Sunday, October 15, 2023

Second Year Nurse

By Margaret McCulloch, ©1957
Cover illustration by Ethel Gold 

From the window by her patient’s bed, Jan looked down on the entrance to the nurses’ home. As she watched, a familiar green car swung around the drive. A moment later Dorinda came briskly down the front steps and took her place beside the driver. “Dr. Bartholomew, the young surgeon, wasn’t it?” the patient asked. “I didn’t recognize the nurse.” So this was what the other nurses had been trying to tell her. Dorinda—her own roommate—was dating Hank Bartholomew too!


“I guess it’s all a part of growing up. Learning to like what you’re doing—instead of always doing what you like.” 

“‘Washington’s Birthday is such fun,’ she told Jan when she invited her. ‘All the cute little hatchets and cherries and things.’”

I’ve been thinking about the difference between VNRNs that are written for a teenage audience compared to those intended for adults. This is the third that I can recall having reviewed (see also Candy Stripers and Mary Adams Student Nurse), and they do generally seem more superficial, unsophisticated, and condescending than the grown-up variety, and the heroine never actually ends up with a fiancé, much less a serious boyfriend. And so I waded through Second Year Nurse, which needed its 222 pages to introduce us to at least 75 different characters (I lost count), many of them patients with stories only casually touched on before moving on to the next paragraph. Even patients who we are told affect our eponymous nursing student Jan Russell deeply, such as a young woman with an infant son and husband who dies inexplicably before her thyroidectomy, we receive in just a couple paragraphs, turning the page on them with no real experience of Jan’s feelings or any lingering effects of the tragedy.

Though most of the book is about the many, many other students and patients Jan encounters, she also has a few boyfriends. Her high school steady, Randy, dumps her early on when she leaves for nursing school: After she insists, “I’m crazy about my nursing and I’m going right on with it,” he snarls, “Go on back to your bellhopping and bedmaking! You might even catch yourself a medic. That’s all nurses go in training for.” So between hospital shifts and classes, she accepts a few dates with Dr. Hank Bartholomew. Though “it was still hard for Jan to call him Hank,” she decides that “recently there’d been an increasing depth in their relationship. Not that there’d been any mention of marriage,” we are told, because that’s usually what happens after the third date. Well, I could be wrong on that point because soon Dr. Bartholomew is dating her roommate Dorinda, the daughter of a wealthy woman who serves on the hospital board of trustees—not that that has anything to do with it—and eight pages after what is apparently Dorinda’s first date with the doctor, she is sporting an engagement ring, so maybe there is something to it after all.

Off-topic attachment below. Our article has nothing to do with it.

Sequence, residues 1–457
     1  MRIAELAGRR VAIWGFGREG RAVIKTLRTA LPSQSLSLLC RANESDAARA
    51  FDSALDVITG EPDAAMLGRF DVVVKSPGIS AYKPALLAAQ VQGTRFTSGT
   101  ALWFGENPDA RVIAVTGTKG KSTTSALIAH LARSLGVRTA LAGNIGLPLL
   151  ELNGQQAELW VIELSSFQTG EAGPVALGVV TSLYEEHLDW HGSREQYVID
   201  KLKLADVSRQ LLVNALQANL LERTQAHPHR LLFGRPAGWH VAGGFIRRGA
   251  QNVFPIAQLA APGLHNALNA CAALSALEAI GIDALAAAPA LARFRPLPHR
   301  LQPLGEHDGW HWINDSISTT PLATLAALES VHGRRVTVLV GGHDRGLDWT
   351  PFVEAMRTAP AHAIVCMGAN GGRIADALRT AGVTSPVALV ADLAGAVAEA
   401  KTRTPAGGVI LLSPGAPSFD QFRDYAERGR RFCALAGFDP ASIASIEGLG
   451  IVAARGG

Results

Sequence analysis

Jan also has about three dates with Bruce Baird, who works in the lab and also as a janitor to earn money to put himself through medical school—and he’s hoping to become a general practitioner like Jan’s father had been. But he is usually pretty busy, so she doesn’t see him much. Then, toward the end of the book, Randy’s mother is seriously ill and Jan assists in caring for her, so now Randy decides maybe nursing isn’t so bad, after all. “I think it’s a marvelous thing for a girl to do,” he admits. “I was awfully dumb.” Which man will Jan end up with? Well, like I mentioned at the start, these teen books don’t really give you much of a love story to close the book on, so on the last page all we see is Jan is running down the stairs happily for her next date.

I’m not really sure what the focus of this story is, because it doesn’t offer many details about actual nursing, nor does it give you a romance. Essentially stopping in the middle, the book gives us no resolution to Jan’s plans for her career or her love life, and 222 pages is a lot to spend on a story that goes nowhere. I can only conclude from my admittedly small sample that teen readers weren’t taken very seriously in the 1950s and 1960s—I understand that attitude is what in part what inspired the Woodstock era—so I can’t recommend that an intelligent adult such as yourself spend your time with a book that doesn’t respect its readers.

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